We live at a time when God’s name and the mention of God has become a distinct no-no. Anything to do with God is politically incorrect, unacceptable and impermissible. Because of our doctrine, the practice of our true faith will set us apart from society in general and lead us into godliness (Titus 1:1). God’s people will increasingly come under scrutiny as their deeds more and more are deemed to be dangerous and injurious to society in general. Those who live Godly and Christian lives will come to be thought of as enemies of the state and subject to the most severe penalties.
Surprisingly, those in the world – “so called Christians” – will not experience the same difficulties in the practice of their religion. They will be able to go about celebrating Christmas, Easter and the weekly Lord’s Day without being singled out for persecution. Observing the Sabbath and Holy Days will not be permitted. Preaching the Gospel and teaching from the Bible will be against the law. Openly living Christian lives will put true believers in jeopardy of death. It should not surprise us—Jesus gave us ample warning.
“These things have I spoken unto you, that ye should not be offended. They shall put you out of the synagogues: yea, the time comes, that whosoever kills you will think that he is doing God a service. And these things will they do unto you, because they have not known the Father, nor me.” (John 16:1-3)
Today, we blend into society fairly well. Sure we get a lot of “Merry Christmas,” greetings by well meaning folks. But that is because we have not yet been singled out and subjected to public ridicule. However, the day will come sooner than we expect when our friends and neighbors will turn on us in a vengeance. They will be convinced that it is we who have betrayed our friendship and their trust. They will be hurt deeply—intensely enough that they will turn on us in rage and kill some of us.
Why? Why will they do that to us? Jesus says it is because they have not known God the Father. And, He says it is because they also do not know Him, the true Jesus Christ. Oh, they know that He was a baby in a manger, that He walked on water, and that He was crucified. They even claim to believe in a resurrection. They know that there was an historical Jesus. But they know next to nothing about who He was, what He believed and stood for, and that He was obedient to His Father in heaven. His principles, His character, His faith, and His love are not understood or believed by this present evil world. Being like Jesus Christ—having Him live in us to the extent that we begin to resemble Him in every way—that is Christianity. And being Christians is the way to putting on Godliness.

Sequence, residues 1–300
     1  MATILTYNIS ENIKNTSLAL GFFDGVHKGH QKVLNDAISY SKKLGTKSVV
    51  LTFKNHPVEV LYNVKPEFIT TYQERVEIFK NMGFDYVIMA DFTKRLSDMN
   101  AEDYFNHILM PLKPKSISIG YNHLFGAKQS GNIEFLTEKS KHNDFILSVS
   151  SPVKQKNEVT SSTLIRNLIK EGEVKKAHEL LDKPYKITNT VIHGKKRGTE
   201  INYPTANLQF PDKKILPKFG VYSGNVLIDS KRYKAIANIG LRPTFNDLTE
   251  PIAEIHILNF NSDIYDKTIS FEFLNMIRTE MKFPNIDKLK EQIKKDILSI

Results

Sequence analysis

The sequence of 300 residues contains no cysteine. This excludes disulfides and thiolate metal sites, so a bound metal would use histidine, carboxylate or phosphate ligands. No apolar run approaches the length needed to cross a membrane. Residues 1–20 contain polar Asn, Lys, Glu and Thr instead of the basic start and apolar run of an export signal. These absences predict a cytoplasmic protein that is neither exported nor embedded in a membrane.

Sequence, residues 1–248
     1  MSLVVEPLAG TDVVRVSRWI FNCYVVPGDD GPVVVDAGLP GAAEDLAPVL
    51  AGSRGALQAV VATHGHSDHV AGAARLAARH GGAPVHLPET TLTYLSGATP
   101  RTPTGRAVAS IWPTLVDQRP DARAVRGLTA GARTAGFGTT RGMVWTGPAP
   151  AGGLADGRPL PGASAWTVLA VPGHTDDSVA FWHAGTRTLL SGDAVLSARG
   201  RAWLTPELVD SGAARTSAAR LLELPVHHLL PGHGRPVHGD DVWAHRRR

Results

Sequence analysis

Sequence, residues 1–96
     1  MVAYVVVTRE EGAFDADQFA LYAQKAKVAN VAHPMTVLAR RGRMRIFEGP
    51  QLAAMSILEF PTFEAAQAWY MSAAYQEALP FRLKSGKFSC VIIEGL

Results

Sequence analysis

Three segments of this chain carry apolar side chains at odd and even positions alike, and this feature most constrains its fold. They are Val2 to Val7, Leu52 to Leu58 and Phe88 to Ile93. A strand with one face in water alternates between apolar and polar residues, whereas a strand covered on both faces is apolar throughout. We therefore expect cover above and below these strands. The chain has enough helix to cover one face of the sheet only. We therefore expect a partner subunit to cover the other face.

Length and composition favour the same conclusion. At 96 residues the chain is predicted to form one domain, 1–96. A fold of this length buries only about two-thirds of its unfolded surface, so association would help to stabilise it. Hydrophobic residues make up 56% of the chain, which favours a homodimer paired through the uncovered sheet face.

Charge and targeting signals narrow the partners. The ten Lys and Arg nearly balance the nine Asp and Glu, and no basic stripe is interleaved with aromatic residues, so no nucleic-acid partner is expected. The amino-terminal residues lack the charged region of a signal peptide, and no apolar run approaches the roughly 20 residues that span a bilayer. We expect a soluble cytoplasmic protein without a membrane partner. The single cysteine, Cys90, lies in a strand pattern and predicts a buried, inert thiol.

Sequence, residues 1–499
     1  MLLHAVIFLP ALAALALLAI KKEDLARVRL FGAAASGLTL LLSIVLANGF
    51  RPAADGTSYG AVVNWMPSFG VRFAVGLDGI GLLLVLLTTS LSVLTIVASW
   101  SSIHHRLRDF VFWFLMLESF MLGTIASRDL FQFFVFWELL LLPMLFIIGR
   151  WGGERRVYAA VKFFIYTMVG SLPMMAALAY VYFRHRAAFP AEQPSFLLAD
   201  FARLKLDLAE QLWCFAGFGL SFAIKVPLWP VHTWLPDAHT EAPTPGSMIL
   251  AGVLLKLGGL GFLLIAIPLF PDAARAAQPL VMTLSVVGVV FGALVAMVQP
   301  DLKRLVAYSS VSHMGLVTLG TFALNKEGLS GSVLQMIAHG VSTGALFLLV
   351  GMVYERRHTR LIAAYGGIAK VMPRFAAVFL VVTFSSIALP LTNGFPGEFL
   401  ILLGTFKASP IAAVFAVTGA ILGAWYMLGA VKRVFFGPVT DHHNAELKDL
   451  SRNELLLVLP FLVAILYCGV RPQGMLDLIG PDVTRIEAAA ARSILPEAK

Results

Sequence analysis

“Jesus said, … he that has seen me has seen the Father.” (John 14:9)
Brethren, how well are we able to distinguish between the God we know and serve – and the “God” that we hear about all the time in public? It is crucial that we understand the difference. The “God” that this world recognizes is not the God of Abraham, Isaac and Jacob—he is not our “God.” The really important thing is that we know whom we serve. How well do we know God the Father and Jesus Christ (John 16:3)? We certainly commit a grave error if we believe that we know all there is to know about God.
In today’s sermon we will examine the concept of “Godliness,” and how we can go about knowing God better than we do. We would be foolish to compare ourselves to this present evil world and conclude that we are doing so much better than they are and that we’ve got it made. God is holier than we can possibly imagine—He is by far and above, the holiest (Matthew 6:9).
Holiest ('hagiazo')—means that God is in a consecrated class, set apart, and set far above everything else. God is holy or holiness personified. Paul could not even find the words to describe just how holy or how set apart God is:
"O the depth of the riches both of the wisdom and knowledge of God! How unsearchable are His judgments, and His ways past finding out!" (Romans 11:33)
For us, Godliness means being like God – as much as that is humanly possible in the flesh – aided by God's Holy Spirit helping us. Peter put it this way:
"As He [God the Father] who has called you is holy, so be ye holy in all manner of conversation [and conduct]; Because it is written, Be ye holy; for I am holy." (1Peter 1:15-16)